Uber has been especially squeezed in New York, because the city has since 2018 capped the number of ride-hail vehicles allowed to operate on its roads. As of January, there were just over 96,000 vehicle licenses granted in the city, according to the Taxi and Limousine Commission, though 30,000 of them weren’t used that month. This new partnership will allow Uber to give more rides without adding more cars to the road.
The move also has a convenient upside for the once-fractious company: It might endear Uber to the very regulators it used to clash with. From nearly the start, Uber dodged government taxi rules by insisting it was a tech platform, not a taxi company. Relations worsened in 2017, when The New York Times reported that the company had used special software to evade government oversight. But now, when it comes to partnerships between entrenched local taxicabs and ride-hail, regulators “want to make this ethos work,” says Daus, the former taxi commissioner. More partnerships between taxi companies and ride-hailers will be good for customers, he says, because it will give people access to more rides, more easily.
Uber has struck partnerships with taxi companies in other places in the world, such as Spain, Colombia, Germany, Austria, and Hong Kong, where it acquired a taxi-hailing app last year.
The deal will have to be approved by the city’s Taxi and Limousine Commission. In a statement, acting commissioner Ryan Wanttaja said, “We are always interested in innovative tools that can expand economic opportunities for taxi drivers.”
Putting cabs on the Uber app could be good news for wheelchair users. There are under 4,000 wheelchair-accessible ride-hail vehicles on the city’s roads, and riders have complained they have to wait twice as long to catch a wheelchair-accessible ride than those who don’t need them. Though the city is behind on its court-mandated goal to make half of its yellow cabs wheelchair accessible, adding taxis to the Uber app could double the number of cars available with a few phone taps.
New York drivers, meanwhile, are still figuring out what the partnership will mean for them. The New York Taxi Worker Alliance, which represents 21,000 drivers in the city, says that taxi drivers will make an average 15 percent less per trip by picking up rides on the Uber app than they would with the traditional metered fare.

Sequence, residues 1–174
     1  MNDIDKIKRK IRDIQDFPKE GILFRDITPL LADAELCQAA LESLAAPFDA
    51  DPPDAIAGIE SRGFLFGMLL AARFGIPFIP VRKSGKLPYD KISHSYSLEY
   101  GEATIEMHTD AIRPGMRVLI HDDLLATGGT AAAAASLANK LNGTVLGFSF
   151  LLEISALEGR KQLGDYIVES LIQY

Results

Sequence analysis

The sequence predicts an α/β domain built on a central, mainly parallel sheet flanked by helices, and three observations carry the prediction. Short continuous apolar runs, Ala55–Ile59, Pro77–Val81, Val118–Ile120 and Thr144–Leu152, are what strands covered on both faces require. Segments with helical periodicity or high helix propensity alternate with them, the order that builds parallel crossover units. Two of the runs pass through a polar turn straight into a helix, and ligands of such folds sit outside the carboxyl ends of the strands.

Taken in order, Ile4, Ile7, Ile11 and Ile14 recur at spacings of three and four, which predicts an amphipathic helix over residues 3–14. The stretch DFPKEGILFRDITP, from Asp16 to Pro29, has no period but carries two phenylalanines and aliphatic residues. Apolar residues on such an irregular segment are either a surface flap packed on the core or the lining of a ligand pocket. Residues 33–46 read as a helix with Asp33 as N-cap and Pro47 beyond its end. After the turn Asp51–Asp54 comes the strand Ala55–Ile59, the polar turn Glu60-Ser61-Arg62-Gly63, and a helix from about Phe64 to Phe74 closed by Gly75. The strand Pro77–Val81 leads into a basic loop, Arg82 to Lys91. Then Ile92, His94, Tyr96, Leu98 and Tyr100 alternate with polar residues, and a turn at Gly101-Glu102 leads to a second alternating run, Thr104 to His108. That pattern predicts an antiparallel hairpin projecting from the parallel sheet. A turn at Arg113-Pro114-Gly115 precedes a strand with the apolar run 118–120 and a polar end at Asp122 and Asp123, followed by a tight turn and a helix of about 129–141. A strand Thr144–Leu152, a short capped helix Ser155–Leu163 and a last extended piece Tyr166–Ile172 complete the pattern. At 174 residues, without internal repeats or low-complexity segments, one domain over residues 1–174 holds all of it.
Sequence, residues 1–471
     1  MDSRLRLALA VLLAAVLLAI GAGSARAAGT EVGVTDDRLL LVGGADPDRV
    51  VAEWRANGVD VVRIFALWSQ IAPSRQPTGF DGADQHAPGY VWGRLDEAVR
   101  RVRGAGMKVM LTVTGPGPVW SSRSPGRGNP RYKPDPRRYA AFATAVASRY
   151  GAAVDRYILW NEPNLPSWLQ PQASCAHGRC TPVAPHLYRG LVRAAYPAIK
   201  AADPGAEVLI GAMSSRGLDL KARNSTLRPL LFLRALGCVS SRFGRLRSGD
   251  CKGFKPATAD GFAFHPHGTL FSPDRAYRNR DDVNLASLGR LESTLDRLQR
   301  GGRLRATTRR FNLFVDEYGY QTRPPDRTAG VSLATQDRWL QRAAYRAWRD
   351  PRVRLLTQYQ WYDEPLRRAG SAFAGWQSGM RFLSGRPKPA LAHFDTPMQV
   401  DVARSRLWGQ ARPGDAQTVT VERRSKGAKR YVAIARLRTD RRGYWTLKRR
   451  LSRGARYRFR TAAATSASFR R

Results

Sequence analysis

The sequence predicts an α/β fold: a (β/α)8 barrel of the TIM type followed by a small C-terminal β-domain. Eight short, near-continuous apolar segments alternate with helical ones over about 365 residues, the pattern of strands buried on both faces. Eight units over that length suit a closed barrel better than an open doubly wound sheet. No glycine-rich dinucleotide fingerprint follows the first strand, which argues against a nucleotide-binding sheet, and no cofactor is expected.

Uber says that when taxis first start to appear on its app this spring, drivers’ earnings will be based on the rules set out by the city, but it didn’t answer questions about what may happen in the future. “If Uber and Curb think they can slide in with a payment structure that’s broken for Uber drivers and piece it together on the backs of yellow cab drivers, they’re in for a sobering surprise,” the group’s executive director, Bhairavi Desai, said in a statement.
Taxi drivers who spoke to the Times last week said the new deal could help them pick up more trips. Accepting UberX rides could make taxi drivers’ journeys back to the city’s core more profitable, because the app’s users are more likely to request rides outside of dense Manhattan. But others were skeptical of Uber because of the role the company played in upending the industry in the last decade. Unlike other Uber drivers in the city, taxi drivers will be able to see where and how much a trip is worth before accepting the ride, and won’t face penalties for rejecting them before a trip has started. Taxi drivers will also be able to opt out of Uber hails entirely, says Tamam, the Curb Mobility CEO.
An app-based workers’ group in the city had a slightly different message. “Whether we started driving for Uber five years ago or five minutes ago, what app drivers have in common is that we are underpaid and under-protected by app companies in their relentless pursuit of profits,” said Emma Woods, a spokesperson for Justice for App Workers, which represents 100,000 ride-hail drivers and delivery workers around the city. “We are fighting for all app workers, and we welcome the yellow cab drivers to join our movement.”
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